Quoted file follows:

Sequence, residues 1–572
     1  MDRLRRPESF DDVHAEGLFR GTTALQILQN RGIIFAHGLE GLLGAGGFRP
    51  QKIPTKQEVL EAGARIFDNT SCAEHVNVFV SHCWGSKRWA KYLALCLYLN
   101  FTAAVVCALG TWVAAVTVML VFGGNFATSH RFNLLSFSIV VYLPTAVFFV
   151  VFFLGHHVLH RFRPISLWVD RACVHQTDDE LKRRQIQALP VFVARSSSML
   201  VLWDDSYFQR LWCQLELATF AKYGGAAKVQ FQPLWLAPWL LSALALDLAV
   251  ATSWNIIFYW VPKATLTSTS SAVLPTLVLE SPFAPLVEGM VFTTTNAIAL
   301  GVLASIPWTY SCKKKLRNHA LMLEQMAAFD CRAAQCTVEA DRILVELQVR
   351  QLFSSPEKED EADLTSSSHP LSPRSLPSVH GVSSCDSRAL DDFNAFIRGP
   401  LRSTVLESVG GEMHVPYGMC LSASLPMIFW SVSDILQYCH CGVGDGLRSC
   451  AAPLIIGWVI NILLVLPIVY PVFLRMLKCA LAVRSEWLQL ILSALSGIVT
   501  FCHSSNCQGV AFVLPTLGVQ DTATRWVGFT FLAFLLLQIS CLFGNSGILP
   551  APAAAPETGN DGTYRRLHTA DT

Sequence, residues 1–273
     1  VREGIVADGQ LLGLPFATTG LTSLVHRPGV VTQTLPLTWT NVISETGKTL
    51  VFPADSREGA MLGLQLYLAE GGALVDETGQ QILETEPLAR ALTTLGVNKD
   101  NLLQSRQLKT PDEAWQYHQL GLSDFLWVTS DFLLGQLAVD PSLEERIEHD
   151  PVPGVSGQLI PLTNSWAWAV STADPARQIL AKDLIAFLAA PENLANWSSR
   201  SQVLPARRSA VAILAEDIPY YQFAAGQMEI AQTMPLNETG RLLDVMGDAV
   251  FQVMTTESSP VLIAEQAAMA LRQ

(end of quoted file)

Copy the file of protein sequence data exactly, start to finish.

Sequence, residues 1–572
     1  MDRLRRPESF DDVHAEGLFR GTTALQILQN RGIIFAHGLE GLLGAGGFRP
    51  QKIPTKQEVL EAGARIFDNT SCAEHVNVFV SHCWGSKRWA KYLALCLYLN
   101  FTAAVVCALG TWVAAVTVML VFGGNFATSH RFNLLSFSIV VYLPTAVFFV
   151  VFFLGHHVLH RFRPISLWVD RACVHQTDDE LKRRQIQALP VFVARSSSML
   201  VLWDDSYFQR LWCQLELATF AKYGGAAKVQ FQPLWLAPWL LSALALDLAV
   251  ATSWNIIFYW VPKATLTSTS SAVLPTLVLE SPFAPLVEGM VFTTTNAIAL
   301  GVLASIPWTY SCKKKLRNHA LMLEQMAAFD CRAAQCTVEA DRILVELQVR
   351  QLFSSPEKED EADLTSSSHP LSPRSLPSVH GVSSCDSRAL DDFNAFIRGP
   401  LRSTVLESVG GEMHVPYGMC LSASLPMIFW SVSDILQYCH CGVGDGLRSC
   451  AAPLIIGWVI NILLVLPIVY PVFLRMLKCA LAVRSEWLQL ILSALSGIVT
   501  FCHSSNCQGV AFVLPTLGVQ DTATRWVGFT FLAFLLLQIS CLFGNSGILP
   551  APAAAPETGN DGTYRRLHTA DT

Sequence, residues 1–273
     1  VREGIVADGQ LLGLPFATTG LTSLVHRPGV VTQTLPLTWT NVISETGKTL
    51  VFPADSREGA MLGLQLYLAE GGALVDETGQ QILETEPLAR ALTTLGVNKD
   101  NLLQSRQLKT PDEAWQYHQL GLSDFLWVTS DFLLGQLAVD PSLEERIEHD
   151  PVPGVSGQLI PLTNSWAWAV STADPARQIL AKDLIAFLAA PENLANWSSR
   201  SQVLPARRSA VAILAEDIPY YQFAAGQMEI AQTMPLNETG RLLDVMGDAV
   251  FQVMTTESSP VLIAEQAAMA LRQ